The first I knew of what was about to happen was the arrival, by registered post, of a folded piece of sallow, disintegrating paper. There was not much explanation. But it was clearly a summons to be obeyed, urging me to action with a casual footnote that if I did not appear within a few days, my property, undefined, would be destroyed.
The address turned out to be a shabby customs house by a once- busy quayside on the Golden Horn. Through a gateway marked 'Small Packets Service' was a dimly lit warehouse, its walls lined with cages full of packages. Most had clearly been languishing there for as many years as had their warders, an unhappy breed of bureaucrat housed in glass-fronted compartments among the cells.
The progress of my piece of paper was a frustrating agony. About 15 declarations, stamps and receipts later, I came to a counter where a sour-looking woman produced a package addressed to me.
I reached out, but she ripped the paper open, spilling Swiss chocolates all over her table. No apology. Another piece of paper. 'Pay there,' she said. The sum amounted to a tax rate of more than 100 per cent. There was no appeal.
It was, however, an education in how not to approach Turkish customs. Since then I have preferred to pay inordinate sums to pleasant-mannered fixers to grease their way through all this trouble on my behalf.
But last week came a vital stage in another, even more expensive form of torture, our attempts to subscribe to the scrambled satellite signal of BBC World Service Television.
A 25 January change in the coding system involved buying and shipping in a new decoder from Sweden, which arrived at Istanbul airport customs two days before the change-over. With a family clamouring for Blue Peter and EastEnders, speed was of the essence.
At such times of trial in Turkey, we have one trump card. The Turks love children, and hearts melt at the sight of our blonde daughters. At 4.30pm on a Friday afternoon, a bad time to start what already looked like Mission Impossible, I set off with our curly haired three-year-old.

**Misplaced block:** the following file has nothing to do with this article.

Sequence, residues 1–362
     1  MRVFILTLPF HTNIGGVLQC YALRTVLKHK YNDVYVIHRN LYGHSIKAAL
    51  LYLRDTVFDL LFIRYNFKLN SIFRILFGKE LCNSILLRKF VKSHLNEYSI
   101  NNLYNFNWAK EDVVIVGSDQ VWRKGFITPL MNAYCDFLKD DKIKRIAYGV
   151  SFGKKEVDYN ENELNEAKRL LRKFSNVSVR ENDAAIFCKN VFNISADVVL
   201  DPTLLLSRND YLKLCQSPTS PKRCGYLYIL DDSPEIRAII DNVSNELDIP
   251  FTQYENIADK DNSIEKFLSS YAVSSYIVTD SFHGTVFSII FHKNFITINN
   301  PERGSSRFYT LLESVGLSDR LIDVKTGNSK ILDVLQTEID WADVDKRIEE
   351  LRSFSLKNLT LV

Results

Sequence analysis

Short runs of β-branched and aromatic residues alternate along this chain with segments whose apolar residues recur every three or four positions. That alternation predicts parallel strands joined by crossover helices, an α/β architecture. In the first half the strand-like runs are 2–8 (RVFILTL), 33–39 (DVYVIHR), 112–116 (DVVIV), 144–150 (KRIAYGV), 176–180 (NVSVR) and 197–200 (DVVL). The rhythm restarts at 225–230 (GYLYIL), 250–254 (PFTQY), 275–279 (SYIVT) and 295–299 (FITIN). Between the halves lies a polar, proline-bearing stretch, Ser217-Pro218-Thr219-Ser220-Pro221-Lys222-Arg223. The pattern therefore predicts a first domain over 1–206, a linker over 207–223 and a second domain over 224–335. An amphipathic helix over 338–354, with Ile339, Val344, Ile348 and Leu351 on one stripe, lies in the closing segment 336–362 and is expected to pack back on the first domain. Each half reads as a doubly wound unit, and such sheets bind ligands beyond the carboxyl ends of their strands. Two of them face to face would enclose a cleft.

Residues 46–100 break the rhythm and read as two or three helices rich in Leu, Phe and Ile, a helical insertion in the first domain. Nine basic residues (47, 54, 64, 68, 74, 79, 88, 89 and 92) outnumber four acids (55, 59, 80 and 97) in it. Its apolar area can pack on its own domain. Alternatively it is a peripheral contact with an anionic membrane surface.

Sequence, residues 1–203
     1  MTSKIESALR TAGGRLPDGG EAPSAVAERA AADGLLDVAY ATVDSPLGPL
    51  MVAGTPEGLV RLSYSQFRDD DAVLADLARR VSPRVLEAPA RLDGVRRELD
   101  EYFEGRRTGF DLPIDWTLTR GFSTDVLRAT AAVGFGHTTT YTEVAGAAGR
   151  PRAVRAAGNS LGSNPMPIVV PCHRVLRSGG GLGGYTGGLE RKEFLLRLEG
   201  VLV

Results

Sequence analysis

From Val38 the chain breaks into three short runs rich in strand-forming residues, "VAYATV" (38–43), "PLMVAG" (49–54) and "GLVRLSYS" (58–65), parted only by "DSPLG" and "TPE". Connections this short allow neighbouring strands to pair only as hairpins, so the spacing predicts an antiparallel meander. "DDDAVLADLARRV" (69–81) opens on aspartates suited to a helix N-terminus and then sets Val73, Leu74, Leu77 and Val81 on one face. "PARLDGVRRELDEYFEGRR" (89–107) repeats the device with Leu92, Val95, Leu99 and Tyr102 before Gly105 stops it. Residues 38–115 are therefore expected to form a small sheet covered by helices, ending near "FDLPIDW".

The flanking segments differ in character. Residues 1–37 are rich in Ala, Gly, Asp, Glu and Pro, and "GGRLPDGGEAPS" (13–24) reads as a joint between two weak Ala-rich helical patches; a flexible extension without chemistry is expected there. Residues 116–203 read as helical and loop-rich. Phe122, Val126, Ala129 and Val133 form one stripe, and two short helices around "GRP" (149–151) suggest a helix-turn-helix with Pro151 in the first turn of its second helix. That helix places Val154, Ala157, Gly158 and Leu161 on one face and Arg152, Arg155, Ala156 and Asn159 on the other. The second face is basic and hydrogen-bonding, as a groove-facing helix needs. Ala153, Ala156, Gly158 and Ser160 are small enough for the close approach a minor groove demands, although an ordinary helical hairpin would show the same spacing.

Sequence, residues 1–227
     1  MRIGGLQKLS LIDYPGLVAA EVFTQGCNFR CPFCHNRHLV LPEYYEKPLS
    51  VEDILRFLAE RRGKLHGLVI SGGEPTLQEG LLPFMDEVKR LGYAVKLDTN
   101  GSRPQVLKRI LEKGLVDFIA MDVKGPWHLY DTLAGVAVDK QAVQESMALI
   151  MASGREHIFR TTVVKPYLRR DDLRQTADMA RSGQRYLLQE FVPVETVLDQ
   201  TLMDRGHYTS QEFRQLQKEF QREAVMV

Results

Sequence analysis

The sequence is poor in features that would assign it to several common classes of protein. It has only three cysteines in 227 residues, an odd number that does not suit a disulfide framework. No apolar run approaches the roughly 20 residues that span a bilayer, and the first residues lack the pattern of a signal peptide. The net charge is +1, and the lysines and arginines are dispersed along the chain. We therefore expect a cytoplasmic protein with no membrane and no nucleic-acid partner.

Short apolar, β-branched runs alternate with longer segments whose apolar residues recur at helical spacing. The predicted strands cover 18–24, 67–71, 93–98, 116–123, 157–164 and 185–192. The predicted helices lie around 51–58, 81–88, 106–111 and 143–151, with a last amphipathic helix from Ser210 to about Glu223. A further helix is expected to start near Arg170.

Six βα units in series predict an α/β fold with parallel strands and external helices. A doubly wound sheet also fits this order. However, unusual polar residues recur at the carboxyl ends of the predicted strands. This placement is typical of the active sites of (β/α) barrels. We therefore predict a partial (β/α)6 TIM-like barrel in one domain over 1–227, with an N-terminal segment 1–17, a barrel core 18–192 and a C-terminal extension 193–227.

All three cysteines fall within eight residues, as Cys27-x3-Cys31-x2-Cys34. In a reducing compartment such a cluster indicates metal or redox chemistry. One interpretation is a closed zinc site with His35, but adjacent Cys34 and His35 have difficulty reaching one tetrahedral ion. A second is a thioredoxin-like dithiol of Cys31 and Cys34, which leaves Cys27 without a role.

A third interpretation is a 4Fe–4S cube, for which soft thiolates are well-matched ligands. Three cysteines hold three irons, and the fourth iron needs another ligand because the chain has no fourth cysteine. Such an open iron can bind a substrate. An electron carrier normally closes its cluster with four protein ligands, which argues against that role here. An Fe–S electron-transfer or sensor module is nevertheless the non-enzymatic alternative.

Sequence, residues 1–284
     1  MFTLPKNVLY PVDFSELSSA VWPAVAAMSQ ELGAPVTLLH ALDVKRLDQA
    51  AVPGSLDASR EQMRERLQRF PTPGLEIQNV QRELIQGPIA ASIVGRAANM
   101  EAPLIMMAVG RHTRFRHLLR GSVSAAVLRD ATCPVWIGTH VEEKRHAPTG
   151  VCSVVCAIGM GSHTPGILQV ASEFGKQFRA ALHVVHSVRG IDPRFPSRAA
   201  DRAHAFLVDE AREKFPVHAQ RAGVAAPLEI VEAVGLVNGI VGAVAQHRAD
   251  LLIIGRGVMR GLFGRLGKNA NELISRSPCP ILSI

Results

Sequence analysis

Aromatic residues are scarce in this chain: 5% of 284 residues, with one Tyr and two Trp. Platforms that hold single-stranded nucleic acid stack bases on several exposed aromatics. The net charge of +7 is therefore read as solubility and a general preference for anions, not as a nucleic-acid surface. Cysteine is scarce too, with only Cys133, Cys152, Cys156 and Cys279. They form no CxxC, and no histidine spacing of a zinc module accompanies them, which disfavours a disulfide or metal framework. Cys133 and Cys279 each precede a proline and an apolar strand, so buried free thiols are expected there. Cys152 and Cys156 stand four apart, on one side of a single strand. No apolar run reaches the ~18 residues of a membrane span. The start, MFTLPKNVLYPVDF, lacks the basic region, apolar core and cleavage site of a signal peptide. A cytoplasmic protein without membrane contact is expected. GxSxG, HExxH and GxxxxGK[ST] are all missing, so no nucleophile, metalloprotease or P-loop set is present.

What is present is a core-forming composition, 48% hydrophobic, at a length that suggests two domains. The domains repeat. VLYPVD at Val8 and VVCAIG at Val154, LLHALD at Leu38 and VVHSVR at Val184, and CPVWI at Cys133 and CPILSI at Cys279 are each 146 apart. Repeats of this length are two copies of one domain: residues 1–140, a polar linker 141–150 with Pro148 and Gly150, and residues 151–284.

The airport customs intermediaries were doing good business, but I met only long faces at my chosen office. 'If you're not a registered company, there's no way you can get it out at all,' said an office boy. I began to lose hope, but not for long. A hyperactive youth swept up my documents and looked at them. 'What is it? An aerial? Can we say it's a present? OK, I see a way. We're still in time for the New Year's customs waiver for gifts,' he said.
The customs hall was a dull grey place of bustling intrigue, unspoken understandings and whispering in corners. With only 20 minutes to closing time, many officials already had their coats on. But at the sight of the little blonde girl, a chorus of coos, clucks and sighs arose. The hall warmed up with smiles. There was no stopping us now.
Within minutes we had yet more papers and stamps, and were on our way, shuttling between the grimy buildings through holes in fences. I understood nothing of the paperwork. But there was no problem a smile from my daughter could not fix.
'So this is a present? A gift antenna?' asked a large, powerful official who clearly knew a tall story when he heard one. 'Well, let it be for your daughter,' he said, keeping his store open for vital extra minutes.
After an hour, having only been asked for a nominal fee, I was out - and elated. I had been processed at least a dozen times, and my daughter's cheeks pinched twice that often. Thanks to my unknown and unpaid helpers, I felt only goodwill towards Turks in general and customs agents in particular.
Of course, the victory turned out to be a hollow one. The decoder's instruction leaflet was indecipherable, and our BBC screen has now become blank.
I called up our official BBC dealer in Istanbul for help. There was nothing he could do. He had not even seen the new machines. But I could still feel ahead of the game. After 10 days of efforts, the dealer was still trying to extricate his decoders from Istanbul airport customs.Reuse content